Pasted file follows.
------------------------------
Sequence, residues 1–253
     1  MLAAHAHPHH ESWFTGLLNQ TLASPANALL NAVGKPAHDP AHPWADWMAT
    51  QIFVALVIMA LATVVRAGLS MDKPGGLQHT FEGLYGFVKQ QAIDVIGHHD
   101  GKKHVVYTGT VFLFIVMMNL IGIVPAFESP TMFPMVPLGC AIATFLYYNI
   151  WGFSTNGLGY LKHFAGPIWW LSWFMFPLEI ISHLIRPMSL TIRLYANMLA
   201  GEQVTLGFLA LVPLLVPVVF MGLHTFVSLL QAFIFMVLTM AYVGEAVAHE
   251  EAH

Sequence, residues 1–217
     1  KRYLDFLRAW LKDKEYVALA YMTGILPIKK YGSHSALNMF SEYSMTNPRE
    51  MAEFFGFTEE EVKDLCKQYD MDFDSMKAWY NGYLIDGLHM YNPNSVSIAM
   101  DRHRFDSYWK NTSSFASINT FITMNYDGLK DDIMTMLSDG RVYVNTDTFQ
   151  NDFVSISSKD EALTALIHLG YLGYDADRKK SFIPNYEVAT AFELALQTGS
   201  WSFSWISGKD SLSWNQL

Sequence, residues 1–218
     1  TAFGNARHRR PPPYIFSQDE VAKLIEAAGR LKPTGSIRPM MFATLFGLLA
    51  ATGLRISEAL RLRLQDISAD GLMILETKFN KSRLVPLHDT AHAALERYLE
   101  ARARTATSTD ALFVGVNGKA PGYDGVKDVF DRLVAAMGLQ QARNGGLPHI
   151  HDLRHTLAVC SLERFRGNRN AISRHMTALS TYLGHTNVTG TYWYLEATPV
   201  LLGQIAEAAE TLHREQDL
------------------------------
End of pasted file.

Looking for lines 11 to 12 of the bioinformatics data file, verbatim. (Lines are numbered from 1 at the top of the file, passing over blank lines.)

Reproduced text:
   101  DRHRFDSYWK NTSSFASINT FITMNYDGLK DDIMTMLSDG RVYVNTDTFQ
   151  NDFVSISSKD EALTALIHLG YLGYDADRKK SFIPNYEVAT AFELALQTGS